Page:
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interpretation or use depends on how well the evidence supports the claims being made.” Rather than link the argument to justification and the concluding interpretation to truth, Kane links the interpretation itself to justification. Thus, taking Kane’s statements at face value suggests that the validity of test-score interpretations (not just the arguments supporting them) is essentially independent of their truth. This makes validity entirely a time-dependent concept that is relative to scientists’ evidence and theories. Without the qualifications of earlier theorists, Kane asserts “Validity . . . may change over time, as the interpretations/uses develop, and as new evidence accumulates” (p. 3). The time-independent element of validity involving truth seems to get lost. To make the problem clear, it is useful to briefly illustrate it with a case where evidence for a long time supported a wholly incorrect interpretation of measurement outcomes: the measurement of phlogiston (see Borsboom, Cramer, Kievit, Zand Scholten, & Franic, 2009, for a detailed discussion). The theory of phlogiston (“firestuff”) posited the existence of a substance contained by flammable materials that was emitted in the form of fire when these materials were heated. In the 18th century, scholars measured the amount of phlogiston that a piece of material contained by subtracting the weight of the material after burning from the original weight of the material: the difference was thought to equal the relevant amount of phlogiston. Call this test-score interpretation Interpretation P: “the weight of a substance before burning minus the weight of the same substance after burning equals the amount of phlogiston the material contained.” Support for Interpretation P existed in the form of a quite impressive theory on the nature of burning as phlogiston emission. For instance, the theory of phlogiston could explain why some materials burned while others did not (they did not contain phlogiston), why materials that do not burn (e.g., iron) do not lose weight when heated (they do not emit phlogiston), why a burning candle dies out if there is no fresh air supply (the air becomes saturated with phlogiston), and so forth. Thus, until the end of the 18th century when Lavoisier refuted the theory and showed that burning is a chemical reaction, measurement interpretations in terms of phlogiston enjoyed considerable support. The example provides an interesting test case for validity theories because it clearly shows how truth and evidence can come apart in test-score interpretations: Interpretation P was never true, but it was supported by significant amounts of evidence and strong arguments. Its negation, not-P, was always true but was not supported by evidence before Lavoisier entered the scene. If we take Kane literally, then the phrase “the validity of a proposed interpretation or use depends on how well the evidence supports the claims being made” would seem to imply that Interpretation P had high validity in, say, 1730. Thus, if it had been applied by the proponents of phlogiston theory in the early 18th century, Kane’s theory of validity would have led to the acceptance of phlogiston measurement as valid. The question we would like to pose to Kane is whether this is indeed a correct reading of his theory. If so, how would he evaluate the phlogiston measurement example? As we see it, the inference may have been valid, but the interpretation of measurement outcomes was not. In fact, it seems to us that phlogiston measurement is a textbook example of invalidity in test-score interpretation and that a good theory 112
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of test validity should somehow accommodate this. Regardless of how subtly one constructs the relation between test score interpretations and reality, it would seem that any theory of validity should deem the interpretation invalid. Possible Strategies for Dealing with the Phlogiston Case We see several possible responses that Kane could provide in response to the phlogiston case. First, he could bite the bullet. That is, Kane could accept that his theory would have supported Interpretation P in the 18th century (not just the inference). This would imply that Kane’s theory emphasizes justified belief to the exclusion of true belief. In our view, this would be a heavy price to pay, but Kane could choose to do so. Also, if this should be the preferred route, then it would seem that Kane’s theory is incomplete and requires a supplement outside of what it labels validity to deal with the relation between measurement interpretations and the world (i.e., true belief about test scores). Even a thoroughgoing pragmatist such as Rorty (2000) recognizes the need for a minimal notion of truth to support fallibilism about belief. Second, Kane could attempt to show that the argument does not actually stick. This would require that Kane set up an argument to the effect that his theory would not actually have granted validity to Interpretation P in 1730. For instance, Kane could attempt to furnish his approach with the room for fallibilism that all theories of truth require. This could for instance be done by including something like an “ultimate argument” into his argument-based approach; for instance, by making validity relative to the argument that rational scientists would arrive at, should they continue their investigations for an infinity of time. That way, Interpretation P could be valid to the observers in the 18th century but invalid with respect to the ultimate state of scientific knowledge. Such approaches to truth face many challenges, but the approach would allow Kane to incorporate both justified belief and true belief into his approach while at the same time keeping the emphasis on justified belief. Third, Kane could attempt to show that even though his theory is unable to rule correctly about Interpretation P, other theories cannot do so either. This strategy would come down to showing that, even though it seems that a theory of validity like that of Borsboom et al. (2004) correctly rules Interpretation P to be invalid (because phlogiston does not exist and thus cannot produce measurement outcomes, so that a sufficiently strong causal reading cannot be given; Markus, 2004, 2008), this is not actually so. Alternatively, Kane might argue that alternative approaches shortchange justified belief the same way that his approach shortchanges true belief and that shortchanging true belief is the lesser of two evils. The challenge would be to show why it is necessary on such a view to accept shortchanging one or the other. However Kane chooses to treat the issue, we think that any validity theory should deal with the relation between evidence and truth, however difficult that may be in psychological and educational testing (Markus & Borsboom, in press). In our view, a theory of validity that exclusively deals with how to organize evidence and justify decisions misses an essential psychometric aspect of validity and is unnecessarily impoverished. 113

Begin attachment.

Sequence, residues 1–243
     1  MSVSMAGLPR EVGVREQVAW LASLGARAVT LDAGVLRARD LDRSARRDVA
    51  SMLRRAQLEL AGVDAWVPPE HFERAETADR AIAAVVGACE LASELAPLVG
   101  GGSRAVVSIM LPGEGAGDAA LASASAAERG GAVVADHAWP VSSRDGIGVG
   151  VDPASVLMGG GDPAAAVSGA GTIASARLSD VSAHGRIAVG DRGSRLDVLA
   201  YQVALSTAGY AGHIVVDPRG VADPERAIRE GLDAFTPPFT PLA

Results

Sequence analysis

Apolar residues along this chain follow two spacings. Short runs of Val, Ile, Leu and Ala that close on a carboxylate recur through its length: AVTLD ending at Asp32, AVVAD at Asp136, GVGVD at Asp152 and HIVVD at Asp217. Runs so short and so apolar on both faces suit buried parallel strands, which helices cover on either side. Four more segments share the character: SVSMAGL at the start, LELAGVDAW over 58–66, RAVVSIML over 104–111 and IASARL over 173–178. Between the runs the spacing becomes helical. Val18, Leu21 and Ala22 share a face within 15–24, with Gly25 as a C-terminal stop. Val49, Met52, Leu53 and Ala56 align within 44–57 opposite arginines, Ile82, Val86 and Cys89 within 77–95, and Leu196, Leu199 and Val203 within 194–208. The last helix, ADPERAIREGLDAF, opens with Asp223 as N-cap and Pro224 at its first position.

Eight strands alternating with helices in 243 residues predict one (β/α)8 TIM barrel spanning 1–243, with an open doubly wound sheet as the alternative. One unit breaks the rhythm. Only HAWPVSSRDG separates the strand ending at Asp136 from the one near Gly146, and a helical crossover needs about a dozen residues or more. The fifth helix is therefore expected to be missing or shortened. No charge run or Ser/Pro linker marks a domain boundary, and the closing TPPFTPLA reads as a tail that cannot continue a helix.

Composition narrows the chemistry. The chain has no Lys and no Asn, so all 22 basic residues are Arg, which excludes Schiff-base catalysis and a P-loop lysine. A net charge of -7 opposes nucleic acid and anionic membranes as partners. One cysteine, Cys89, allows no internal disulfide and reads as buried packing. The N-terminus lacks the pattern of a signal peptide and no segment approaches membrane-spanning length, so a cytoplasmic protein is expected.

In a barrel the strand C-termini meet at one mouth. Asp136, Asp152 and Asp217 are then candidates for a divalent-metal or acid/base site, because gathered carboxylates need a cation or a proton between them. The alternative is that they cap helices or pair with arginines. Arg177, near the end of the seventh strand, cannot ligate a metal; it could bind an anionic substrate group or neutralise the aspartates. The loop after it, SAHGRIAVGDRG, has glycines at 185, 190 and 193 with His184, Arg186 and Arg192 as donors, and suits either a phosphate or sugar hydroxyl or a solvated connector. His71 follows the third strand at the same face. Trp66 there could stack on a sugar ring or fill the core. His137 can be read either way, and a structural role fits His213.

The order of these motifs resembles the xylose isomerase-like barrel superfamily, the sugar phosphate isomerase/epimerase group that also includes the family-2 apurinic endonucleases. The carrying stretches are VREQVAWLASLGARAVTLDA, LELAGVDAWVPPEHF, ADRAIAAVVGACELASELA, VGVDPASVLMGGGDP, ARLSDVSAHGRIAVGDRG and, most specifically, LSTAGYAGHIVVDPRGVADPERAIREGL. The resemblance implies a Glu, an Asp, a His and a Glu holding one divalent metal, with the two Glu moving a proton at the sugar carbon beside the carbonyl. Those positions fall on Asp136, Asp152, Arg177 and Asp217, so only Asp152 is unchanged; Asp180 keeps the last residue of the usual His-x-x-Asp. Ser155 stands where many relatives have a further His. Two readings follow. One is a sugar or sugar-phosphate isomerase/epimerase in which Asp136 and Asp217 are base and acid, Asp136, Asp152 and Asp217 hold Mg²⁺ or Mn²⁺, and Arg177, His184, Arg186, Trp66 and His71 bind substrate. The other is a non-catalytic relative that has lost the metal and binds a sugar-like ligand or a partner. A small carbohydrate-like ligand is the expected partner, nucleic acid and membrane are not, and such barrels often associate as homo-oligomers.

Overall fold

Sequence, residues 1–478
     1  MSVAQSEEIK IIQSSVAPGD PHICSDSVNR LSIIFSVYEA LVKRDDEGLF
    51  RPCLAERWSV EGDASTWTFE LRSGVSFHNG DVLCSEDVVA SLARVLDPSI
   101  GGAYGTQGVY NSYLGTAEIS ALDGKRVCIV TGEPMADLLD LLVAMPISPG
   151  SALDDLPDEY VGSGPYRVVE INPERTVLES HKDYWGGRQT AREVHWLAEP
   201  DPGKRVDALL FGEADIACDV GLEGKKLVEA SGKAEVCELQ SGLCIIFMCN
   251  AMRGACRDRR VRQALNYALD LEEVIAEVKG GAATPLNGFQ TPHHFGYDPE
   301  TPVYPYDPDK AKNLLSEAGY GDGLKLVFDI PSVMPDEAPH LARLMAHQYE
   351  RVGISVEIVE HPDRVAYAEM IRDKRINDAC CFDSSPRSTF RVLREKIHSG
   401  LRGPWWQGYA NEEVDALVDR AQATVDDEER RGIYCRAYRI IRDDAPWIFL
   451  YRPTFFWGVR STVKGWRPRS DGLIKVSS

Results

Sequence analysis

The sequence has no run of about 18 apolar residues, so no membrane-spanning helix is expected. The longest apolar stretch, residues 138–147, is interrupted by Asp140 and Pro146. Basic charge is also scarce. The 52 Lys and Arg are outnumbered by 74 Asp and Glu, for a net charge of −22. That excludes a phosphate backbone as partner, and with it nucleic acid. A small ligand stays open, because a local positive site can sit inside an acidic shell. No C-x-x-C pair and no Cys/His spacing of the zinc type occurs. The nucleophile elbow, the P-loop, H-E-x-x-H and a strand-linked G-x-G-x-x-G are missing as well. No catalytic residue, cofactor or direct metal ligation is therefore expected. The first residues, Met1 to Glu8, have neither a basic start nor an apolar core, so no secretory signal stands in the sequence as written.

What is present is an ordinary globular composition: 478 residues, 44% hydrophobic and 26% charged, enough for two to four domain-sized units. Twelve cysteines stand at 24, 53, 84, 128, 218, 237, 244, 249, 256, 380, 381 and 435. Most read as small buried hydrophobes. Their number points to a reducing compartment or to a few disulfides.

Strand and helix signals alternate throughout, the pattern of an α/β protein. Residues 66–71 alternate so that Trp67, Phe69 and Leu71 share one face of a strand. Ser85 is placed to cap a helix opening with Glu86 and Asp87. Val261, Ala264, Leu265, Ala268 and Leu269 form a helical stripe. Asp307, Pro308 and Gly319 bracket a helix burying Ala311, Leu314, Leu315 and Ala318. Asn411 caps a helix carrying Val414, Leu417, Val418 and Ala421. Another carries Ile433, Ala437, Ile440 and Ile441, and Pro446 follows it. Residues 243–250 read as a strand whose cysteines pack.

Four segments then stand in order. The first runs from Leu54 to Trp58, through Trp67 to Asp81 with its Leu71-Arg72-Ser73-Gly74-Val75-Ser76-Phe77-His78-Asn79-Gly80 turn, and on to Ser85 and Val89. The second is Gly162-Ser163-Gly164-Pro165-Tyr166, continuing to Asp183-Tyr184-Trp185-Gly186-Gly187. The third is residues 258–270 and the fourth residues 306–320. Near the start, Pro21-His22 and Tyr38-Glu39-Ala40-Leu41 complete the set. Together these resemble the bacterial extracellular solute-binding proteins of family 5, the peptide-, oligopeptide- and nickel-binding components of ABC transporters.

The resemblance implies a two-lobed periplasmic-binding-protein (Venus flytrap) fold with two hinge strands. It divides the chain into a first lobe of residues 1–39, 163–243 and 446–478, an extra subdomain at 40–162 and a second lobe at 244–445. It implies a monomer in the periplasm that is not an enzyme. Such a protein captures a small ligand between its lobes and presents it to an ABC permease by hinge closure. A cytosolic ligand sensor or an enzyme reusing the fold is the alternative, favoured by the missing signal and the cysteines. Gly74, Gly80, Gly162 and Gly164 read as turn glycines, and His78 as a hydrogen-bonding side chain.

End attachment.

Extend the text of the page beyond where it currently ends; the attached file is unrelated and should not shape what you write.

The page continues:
References Borsboom, D., Cramer, A. O. J., Kievit, R. A., Zand Scholten, A., & Franic, S. (2009). The end of construct validity. In R. W. Lissitz (Ed.), The concept of validity (pp. 135–170). Charlotte, NC: Information Age. Borsboom, D. & Mellenbergh, G. J. (2007). Test validity in cognitive assessment. In J. P. Leighton & M. J. Gierl (Eds.), Cognitive diagnostic assessment for education: Theory and applications (pp. 85–115). New York, NY: Cambridge University Press. Borsboom, D., Mellenbergh, G. J., & Van Heerden, J. (2004). The concept of validity. Psychological Review, 111, 1061–1071. Cronbach, L. J. (1971). Test validation. In R. L. Thorndike (Ed.), Educational measurement (2nd ed., pp. 443–507). Washington, DC: American Council on Education. Kane, M. T. (2006). Validation. In R. L. Brennan (Ed.), Educational measurement (4th ed., pp. 17–64). Westport, CT: American Council on Education and Praeger. Markus, K. A. (2004). Varieties of causal modeling: How optimal research design varies by explanatory strategy. In K. van Montfort, J. Oud & A. Satorra (Eds.), Recent developments on structural equation models: Theory and applications (pp. 175–196). Dordrecht, The Netherlands: Kluwer Academic. Markus, K. A. (2008). Constructs, concepts and the worlds of possibility: Connecting the measurement, manipulation, and meaning of variables. Measurement, 6, 54–77. Markus, K. A., & Borsboom, D. (in press). Frontiers of validity theory: Measurement, causation, and meaning. New York, NY: Taylor & Francis. Messick, S. (1989). Validity. In R. L. Linn (Ed.), Educational measurement (3rd ed., pp. 13– 103). Washington, DC: The American Council on Education and the National Council on Measurement in Education. Rorty, R. (2000). Universality and truth. In R. B. Brandom (Ed.), Rorty and his critics (pp. 1–30). Malden, MA: Blackwell. Shope, R. K. (1983). The analysis of knowing: A decade of research. Princeton, NJ: Princeton University Press.
Authors DENNY BORSBOOM is Professor of Psychological Methods at the Department of Psychology of the University of Amsterdam, Weesperplein 4, 1018 XA Amsterdam, The Netherlands; [email protected]
His primary interests include psychometrics, philosophy of science, and network modeling. KEITH A. MARKUS is Professor of Psychology at John Jay College of Criminal Justice of The City University of New York, Psychology Department, 524 West 59th Street, New York, NY 10019; [email protected]
His primary interests include test validity, causal explanation and inference, and program evaluation.